|Beaven celebrating spring with a melodica|
Monday, May 20, 2013
Thursday, May 16, 2013
Last year in my post I wrote about eating the young leaflets as they got bigger and bigger. This April I got a little rash on my wrist (same spot as 2 years ago) and so I decided to try the treatment again. I started as the leaves were first bursting open 2 weeks ago. Each day for a week I ate a tiny leaflet (progressively bigger, starting with a piece about half the size of my pinky nail). I then moved to about once every other day. Plants are less potent when they're young (why you harvest medicinals later on in their life cycles when they can put more energy into their chemical defenses). So as I developed a defense to the urutiol by ingesting the plant, the dosage was getting more and more concentrated as the leaves get older. It's probably too late to start this year if you're interested in this treatment, but maybe next year. And some people have much much worse reactions than I do so I would strongly suggest doing lots of your own research on folk remedies and this type of tolerance-development before trying on your own. You run a risk of having a severe systemic reaction.
Labels: poison ivy
Tuesday, May 14, 2013
|Adult Eastern Comma (Polygonia comma)|
|Overwintered adult mourning cloak (Nymphalis antiopa)|
Both species breed in the spring, and this is the only time of year this territorial behavior is observed. Apparently my theory of defending breeding areas has largely been dispelled in recent years according to a local entomologist, but it seemed the easiest and most obvious explanation. More appealing than, "the commas get confused and can't tell the mourning cloaks from a female comma").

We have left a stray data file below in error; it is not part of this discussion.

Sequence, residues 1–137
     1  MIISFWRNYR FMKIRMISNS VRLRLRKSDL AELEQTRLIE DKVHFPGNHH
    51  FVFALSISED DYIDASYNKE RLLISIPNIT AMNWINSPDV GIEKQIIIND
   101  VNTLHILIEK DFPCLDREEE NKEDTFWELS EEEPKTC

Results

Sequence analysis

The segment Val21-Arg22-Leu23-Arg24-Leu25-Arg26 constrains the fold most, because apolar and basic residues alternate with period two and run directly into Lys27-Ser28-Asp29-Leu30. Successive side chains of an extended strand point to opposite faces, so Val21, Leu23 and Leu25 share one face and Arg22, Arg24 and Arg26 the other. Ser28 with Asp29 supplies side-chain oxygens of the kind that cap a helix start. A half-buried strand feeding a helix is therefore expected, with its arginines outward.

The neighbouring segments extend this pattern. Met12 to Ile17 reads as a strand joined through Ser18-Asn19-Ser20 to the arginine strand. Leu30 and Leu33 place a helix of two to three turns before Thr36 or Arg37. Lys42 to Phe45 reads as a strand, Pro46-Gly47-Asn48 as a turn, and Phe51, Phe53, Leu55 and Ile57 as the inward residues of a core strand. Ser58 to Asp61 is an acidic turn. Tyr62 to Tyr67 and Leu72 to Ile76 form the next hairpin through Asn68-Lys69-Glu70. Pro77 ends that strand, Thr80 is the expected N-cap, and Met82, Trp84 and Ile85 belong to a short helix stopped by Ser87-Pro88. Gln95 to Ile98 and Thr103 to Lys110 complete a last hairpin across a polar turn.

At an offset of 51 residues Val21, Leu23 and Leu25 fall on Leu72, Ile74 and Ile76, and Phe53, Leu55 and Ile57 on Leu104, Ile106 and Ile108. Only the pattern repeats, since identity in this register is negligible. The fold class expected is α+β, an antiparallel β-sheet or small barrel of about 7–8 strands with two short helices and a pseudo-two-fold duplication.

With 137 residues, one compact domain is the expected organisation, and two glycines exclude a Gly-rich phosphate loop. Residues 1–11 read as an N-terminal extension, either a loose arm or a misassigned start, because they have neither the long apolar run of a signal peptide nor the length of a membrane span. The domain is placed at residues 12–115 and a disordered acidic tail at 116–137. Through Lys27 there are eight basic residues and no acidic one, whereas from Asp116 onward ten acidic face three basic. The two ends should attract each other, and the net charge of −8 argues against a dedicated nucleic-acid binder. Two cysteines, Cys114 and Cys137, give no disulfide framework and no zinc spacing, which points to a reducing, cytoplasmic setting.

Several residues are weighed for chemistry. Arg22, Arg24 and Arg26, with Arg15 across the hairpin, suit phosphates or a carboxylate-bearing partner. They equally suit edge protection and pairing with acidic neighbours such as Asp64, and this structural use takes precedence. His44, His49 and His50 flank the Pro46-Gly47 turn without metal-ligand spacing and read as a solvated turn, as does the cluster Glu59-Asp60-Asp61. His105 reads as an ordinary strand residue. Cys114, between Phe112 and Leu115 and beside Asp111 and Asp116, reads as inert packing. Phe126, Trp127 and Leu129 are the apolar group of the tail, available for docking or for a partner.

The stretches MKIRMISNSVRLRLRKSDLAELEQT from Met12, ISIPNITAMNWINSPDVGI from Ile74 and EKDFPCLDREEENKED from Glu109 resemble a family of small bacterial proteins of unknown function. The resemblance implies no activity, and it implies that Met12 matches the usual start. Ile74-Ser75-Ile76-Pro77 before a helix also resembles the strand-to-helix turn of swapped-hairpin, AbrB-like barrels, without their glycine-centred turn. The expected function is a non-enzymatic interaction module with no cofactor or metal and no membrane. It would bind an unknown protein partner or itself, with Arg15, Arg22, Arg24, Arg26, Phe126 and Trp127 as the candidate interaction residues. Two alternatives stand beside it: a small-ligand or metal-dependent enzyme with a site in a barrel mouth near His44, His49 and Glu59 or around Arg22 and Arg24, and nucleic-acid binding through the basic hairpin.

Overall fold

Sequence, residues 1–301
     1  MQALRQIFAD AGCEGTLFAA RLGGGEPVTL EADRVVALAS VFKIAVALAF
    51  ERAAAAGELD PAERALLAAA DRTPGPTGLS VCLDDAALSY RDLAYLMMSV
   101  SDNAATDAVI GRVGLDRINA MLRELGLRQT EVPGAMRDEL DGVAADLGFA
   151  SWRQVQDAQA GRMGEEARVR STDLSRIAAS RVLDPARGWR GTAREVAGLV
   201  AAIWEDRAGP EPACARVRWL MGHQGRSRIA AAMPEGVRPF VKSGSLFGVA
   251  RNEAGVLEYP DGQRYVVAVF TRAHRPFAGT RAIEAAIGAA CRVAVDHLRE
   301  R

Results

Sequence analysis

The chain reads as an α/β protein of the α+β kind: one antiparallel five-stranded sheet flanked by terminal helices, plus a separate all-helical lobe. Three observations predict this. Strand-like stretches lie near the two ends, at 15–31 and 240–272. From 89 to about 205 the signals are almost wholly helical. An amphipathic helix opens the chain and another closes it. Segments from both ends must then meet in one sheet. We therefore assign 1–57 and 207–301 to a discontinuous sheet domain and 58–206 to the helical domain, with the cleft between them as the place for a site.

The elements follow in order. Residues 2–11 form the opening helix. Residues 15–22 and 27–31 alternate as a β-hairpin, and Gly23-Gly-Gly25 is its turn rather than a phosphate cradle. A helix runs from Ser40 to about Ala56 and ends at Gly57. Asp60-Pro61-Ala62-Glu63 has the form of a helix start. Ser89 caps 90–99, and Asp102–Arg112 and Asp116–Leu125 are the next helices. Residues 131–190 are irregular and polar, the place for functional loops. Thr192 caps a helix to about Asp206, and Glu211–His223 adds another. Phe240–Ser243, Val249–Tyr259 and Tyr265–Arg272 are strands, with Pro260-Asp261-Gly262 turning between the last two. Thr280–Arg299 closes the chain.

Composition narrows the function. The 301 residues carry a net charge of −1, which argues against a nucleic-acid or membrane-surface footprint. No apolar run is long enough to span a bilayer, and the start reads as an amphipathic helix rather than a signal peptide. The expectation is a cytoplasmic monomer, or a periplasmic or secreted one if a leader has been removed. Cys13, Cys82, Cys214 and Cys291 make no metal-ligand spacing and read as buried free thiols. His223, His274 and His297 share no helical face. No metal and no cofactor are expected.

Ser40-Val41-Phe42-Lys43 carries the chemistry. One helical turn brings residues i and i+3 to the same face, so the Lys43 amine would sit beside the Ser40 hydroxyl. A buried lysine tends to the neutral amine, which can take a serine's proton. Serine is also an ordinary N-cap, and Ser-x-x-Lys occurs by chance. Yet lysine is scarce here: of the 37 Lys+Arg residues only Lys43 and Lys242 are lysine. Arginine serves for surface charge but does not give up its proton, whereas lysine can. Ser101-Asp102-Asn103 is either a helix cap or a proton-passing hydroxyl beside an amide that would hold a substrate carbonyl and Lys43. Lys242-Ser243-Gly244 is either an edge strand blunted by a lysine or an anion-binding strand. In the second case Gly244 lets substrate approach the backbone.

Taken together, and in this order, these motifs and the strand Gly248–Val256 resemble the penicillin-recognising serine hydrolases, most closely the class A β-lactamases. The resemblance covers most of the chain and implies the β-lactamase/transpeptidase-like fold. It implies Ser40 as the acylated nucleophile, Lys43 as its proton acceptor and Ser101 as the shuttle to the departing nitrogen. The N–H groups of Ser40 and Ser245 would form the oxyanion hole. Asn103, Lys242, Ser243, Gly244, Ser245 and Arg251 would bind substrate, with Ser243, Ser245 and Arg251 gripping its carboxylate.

Where: Centennial Woods
Wednesday, May 8, 2013
What: The forest is mostly green now that all the buds have opened or are opening. While out in Centennial Woods the other day I was collecting leaves of all different sizes from Norway maple (Acer platanoides). Like other maples, the scales on Norway maple buds open and form these elongate leaves that subtend the normal leaves (seen as the plus sign in the photo below). Buds are made out of modified leaves and these are deciduous once the normal leaves (there's probably a technical name for these) are more fully developed.
Monday, May 6, 2013
|Cut stem of bloodroot oozing red sap|
|Bloodroot rhizome cut in half to show showing "blood" beading up on surface|
|Celandine leaf stem broken to show yellow sap|
Friday, May 3, 2013
Phenology notes from previous month:
- Osprey nesting
- Woodcocks "peent"ing
- Spring ephemerals coming up (e.g. bloodroot, hepatica, spring beauty)
- Grass greening
- First dandelions coming up
- Spring migrants arrive in droves, big flush still to come
- Colder species of amphibians singing in full force (toads, treefrogs, bullfrogs still to make their full debut)
- First leaves appearing in understory
- Maples starting to leaf out
- Sapsuckers returning, as second flush of sap starts flow (as non-maple species start to get sap flowing)
- Woodchucks are out and about
- First warm nights